I had a lady stop in yesterday to buy a pot and some soil for a plant she picked up at the Lowe's in Folsom. She found a standard (shaped into a tree form) Scotch Broom in the garbage hopper behind the store. The only reason it was in the hopper was it had gone out of bloom. The plant was in fine condition and she planed on putting it in a pot until she could figure out where to plant it. It's a evergreen shrub, not a annual. She mentioned that they wouldn't let her just have it. They charged her $5, even though they we're throwing it out. This is wrong on so many levels.
Why was Lowe's throwing this healthy out of bloom plant out? Most likely they received credit from the wholesale grower who didn't want to pick it up.Â Pay at scan means the box stores don't pay for unsold merchandise. They simply don't pay the wholesale nursery for it and the wholesale nursery pick's it up or they just dump it.
Why did they charge this lady $5 for a plant that was headed for the landfill?
Why is Lowe's selling what my county El Dorado considers a noxious weed? Sacramento county does not consider it a noxious weed. Noxious pest in one county, but not the other?
My local Home Depot in Placerville has it's shelves filled with summer color and vegetables. Interesting thing is we are expecting snow today. These plants are not in a greenhouse, but on those Bonnie Plants supplied kiosks. When they die from the cold, Bonnie will pick them up and bring in more. Unsuspecting customers will assume that the nursery people at the Home Depot wouldn't be selling these plants unless it's time to plant them. If they die just bring them back in for credit. No responsibility by the box store for selling plants too early. No responsibility by the wholesale supplier for churning this stuff out and not holding the box stores responsible. And lastly no responsibility by the consumer who will just bring the plant back to the box stores for a replacement. No responsibility by anyone in the chain of events.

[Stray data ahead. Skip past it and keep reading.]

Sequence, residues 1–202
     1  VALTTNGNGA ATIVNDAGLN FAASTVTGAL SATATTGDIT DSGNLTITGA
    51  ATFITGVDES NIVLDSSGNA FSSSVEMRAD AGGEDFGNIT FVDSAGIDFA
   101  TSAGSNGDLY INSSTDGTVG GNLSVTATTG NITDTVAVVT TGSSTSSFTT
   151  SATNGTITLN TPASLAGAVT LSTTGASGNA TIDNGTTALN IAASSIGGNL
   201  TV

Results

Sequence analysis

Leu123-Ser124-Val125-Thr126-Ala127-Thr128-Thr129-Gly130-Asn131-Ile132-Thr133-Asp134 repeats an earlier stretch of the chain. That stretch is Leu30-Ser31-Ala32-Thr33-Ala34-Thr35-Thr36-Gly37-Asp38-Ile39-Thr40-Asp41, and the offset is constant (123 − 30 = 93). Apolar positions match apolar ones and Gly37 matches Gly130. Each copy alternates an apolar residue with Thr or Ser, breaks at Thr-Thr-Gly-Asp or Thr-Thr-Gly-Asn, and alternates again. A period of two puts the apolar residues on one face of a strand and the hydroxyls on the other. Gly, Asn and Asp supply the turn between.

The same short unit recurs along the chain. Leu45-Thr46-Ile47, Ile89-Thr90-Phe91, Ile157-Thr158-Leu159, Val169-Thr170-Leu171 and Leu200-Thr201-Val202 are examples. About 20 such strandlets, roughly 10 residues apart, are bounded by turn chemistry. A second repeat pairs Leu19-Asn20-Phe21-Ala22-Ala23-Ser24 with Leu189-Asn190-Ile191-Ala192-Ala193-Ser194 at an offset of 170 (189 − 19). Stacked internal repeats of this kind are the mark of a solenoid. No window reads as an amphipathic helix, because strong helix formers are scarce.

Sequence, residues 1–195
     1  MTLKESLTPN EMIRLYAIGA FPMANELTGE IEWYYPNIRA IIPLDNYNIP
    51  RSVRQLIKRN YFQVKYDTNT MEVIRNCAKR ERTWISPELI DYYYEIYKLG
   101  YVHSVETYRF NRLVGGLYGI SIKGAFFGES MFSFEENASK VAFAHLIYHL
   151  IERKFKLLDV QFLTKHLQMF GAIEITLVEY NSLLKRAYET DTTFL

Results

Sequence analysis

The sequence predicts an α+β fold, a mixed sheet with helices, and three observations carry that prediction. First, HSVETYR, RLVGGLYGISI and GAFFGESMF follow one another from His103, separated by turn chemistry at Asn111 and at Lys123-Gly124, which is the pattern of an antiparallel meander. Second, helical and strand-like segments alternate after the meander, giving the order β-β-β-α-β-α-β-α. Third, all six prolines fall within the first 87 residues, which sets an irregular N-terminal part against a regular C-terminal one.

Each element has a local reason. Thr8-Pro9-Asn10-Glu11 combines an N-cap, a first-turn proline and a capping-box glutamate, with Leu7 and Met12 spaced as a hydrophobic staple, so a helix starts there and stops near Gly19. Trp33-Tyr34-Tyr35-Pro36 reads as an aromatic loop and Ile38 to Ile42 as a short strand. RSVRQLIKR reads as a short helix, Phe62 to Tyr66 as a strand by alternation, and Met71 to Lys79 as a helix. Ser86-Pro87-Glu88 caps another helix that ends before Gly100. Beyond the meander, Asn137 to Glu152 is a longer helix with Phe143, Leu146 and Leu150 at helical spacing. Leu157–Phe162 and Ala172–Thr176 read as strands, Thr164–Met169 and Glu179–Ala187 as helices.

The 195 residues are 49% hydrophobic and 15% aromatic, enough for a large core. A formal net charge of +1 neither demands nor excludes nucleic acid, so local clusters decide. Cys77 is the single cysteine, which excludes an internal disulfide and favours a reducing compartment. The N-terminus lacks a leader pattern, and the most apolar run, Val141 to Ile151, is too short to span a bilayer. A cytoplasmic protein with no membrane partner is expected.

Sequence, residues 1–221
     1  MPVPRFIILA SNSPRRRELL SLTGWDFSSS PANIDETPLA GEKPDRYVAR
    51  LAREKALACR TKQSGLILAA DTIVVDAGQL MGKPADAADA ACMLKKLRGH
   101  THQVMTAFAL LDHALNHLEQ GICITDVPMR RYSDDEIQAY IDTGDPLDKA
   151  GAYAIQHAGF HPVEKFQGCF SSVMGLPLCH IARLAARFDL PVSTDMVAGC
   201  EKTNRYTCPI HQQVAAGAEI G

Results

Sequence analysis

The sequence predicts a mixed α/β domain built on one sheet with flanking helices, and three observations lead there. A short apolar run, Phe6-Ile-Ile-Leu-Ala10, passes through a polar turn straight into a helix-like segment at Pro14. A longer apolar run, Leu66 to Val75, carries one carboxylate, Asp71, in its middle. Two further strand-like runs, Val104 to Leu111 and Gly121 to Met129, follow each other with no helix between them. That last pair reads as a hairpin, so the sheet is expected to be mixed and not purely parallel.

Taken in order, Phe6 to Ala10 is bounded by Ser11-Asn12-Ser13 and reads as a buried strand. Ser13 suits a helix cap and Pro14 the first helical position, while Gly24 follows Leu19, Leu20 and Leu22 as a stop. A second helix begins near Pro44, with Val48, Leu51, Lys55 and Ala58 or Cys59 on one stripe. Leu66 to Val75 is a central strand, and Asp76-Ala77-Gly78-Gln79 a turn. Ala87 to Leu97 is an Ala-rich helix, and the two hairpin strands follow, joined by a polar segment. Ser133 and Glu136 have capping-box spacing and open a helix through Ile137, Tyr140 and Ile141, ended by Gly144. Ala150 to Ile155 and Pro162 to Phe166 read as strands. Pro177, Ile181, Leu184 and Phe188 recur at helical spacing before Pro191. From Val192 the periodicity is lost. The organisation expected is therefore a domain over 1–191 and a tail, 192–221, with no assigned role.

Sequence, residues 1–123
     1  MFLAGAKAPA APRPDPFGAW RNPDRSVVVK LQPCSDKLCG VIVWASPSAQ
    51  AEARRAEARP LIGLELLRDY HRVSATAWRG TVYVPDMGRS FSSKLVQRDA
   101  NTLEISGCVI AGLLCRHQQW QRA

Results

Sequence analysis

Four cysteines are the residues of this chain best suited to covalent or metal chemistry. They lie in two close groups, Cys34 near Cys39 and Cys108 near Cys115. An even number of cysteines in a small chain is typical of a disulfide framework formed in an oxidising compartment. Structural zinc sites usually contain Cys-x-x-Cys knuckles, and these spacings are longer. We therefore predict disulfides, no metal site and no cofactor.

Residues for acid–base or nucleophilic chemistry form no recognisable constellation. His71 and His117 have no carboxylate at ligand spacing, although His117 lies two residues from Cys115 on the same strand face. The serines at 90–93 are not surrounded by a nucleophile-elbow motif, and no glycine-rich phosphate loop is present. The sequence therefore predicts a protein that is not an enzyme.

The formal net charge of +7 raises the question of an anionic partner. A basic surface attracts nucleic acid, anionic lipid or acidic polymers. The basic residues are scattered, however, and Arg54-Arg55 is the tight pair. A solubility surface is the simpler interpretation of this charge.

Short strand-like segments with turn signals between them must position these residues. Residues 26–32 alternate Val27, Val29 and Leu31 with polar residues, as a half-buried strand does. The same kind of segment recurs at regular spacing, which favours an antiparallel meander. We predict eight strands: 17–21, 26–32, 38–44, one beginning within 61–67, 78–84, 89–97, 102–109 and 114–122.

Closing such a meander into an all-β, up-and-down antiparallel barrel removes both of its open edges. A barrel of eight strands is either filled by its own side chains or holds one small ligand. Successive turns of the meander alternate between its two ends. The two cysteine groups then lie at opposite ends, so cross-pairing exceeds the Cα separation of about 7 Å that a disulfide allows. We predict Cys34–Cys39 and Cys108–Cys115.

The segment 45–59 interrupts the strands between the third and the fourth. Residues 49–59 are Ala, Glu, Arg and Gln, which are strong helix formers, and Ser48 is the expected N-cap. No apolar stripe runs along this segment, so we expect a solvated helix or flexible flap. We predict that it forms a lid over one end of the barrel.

It has become clear that the only way for smaller independent nurseries to survive is to do the exact opposite of the box stores.
Sell plants that are appropriate for the seasons, despite what the local box store does. Yes, we have tomatoes, but they are inside and protected from the cold. You see, we have to grow and buy the plants we sell. We can't just stick them outside and return them to our vendors when they die.
Don't sell invasive pests, whether our county say's it's o.k or not.
Give people the right information to help make them better gardeners. Not just move SKU's that can be tossed in the garbage when done.
Don't buy from vendors that supply the box stores. They are as responsible as the box stores for the careless attitude that allows healthy plants to be junked.
Box stores, the vendors that supply them, and customers that shop there are not going anywhere. No sense in getting upset. We just try to find plants, vendors, and customers who do things differently.Â We want to partner with organizations that care about what, and who they sell to. We want customers that accept some of the responsibility for their actions. No, I should not have to replace that plant that the deer ate or the cold killed.We told you they we're deer resistant, not deer proof. We don't plant out tomatoes until May, and at least we told you when you bought it.
The future of garden retail will be the tale of two different way's of doing business. The box stores and their suppliers, and on the other side the independent nursery and their suppliers.Â One represents big business, throw away culture, and little or no corporate or personal responsibility. The other side represents small business, re-use and recycle, as well as personal and corporate responsibility.
It's your choice.